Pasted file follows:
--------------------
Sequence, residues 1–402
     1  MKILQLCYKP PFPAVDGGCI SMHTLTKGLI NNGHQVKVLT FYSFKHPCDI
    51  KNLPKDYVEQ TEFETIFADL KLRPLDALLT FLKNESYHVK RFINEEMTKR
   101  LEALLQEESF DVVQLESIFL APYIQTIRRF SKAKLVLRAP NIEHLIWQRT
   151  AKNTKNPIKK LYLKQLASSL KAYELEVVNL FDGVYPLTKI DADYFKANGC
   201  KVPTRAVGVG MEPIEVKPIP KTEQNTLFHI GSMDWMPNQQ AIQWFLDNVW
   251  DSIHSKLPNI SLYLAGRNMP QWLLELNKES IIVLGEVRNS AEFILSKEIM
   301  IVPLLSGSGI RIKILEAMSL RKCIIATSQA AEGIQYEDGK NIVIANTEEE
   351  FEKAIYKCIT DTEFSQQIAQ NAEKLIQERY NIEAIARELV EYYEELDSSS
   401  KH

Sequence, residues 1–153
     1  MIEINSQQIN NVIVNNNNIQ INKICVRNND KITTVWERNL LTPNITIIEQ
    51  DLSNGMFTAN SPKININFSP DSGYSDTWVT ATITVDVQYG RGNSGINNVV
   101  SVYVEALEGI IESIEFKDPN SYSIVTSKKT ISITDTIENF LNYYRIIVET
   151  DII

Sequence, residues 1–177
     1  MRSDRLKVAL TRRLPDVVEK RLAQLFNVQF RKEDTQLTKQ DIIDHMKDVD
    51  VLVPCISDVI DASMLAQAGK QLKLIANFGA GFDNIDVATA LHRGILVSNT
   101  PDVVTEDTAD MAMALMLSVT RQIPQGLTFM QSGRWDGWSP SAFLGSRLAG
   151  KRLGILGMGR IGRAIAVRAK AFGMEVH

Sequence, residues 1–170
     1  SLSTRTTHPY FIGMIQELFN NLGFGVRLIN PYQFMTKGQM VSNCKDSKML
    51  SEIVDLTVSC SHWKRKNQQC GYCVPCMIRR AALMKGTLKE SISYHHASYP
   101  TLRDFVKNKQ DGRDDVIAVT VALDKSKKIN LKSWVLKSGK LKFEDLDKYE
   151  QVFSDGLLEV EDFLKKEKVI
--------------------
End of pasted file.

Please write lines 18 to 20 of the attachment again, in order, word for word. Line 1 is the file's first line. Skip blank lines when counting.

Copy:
    51  VLVPCISDVI DASMLAQAGK QLKLIANFGA GFDNIDVATA LHRGILVSNT
   101  PDVVTEDTAD MAMALMLSVT RQIPQGLTFM QSGRWDGWSP SAFLGSRLAG
   151  KRLGILGMGR IGRAIAVRAK AFGMEVH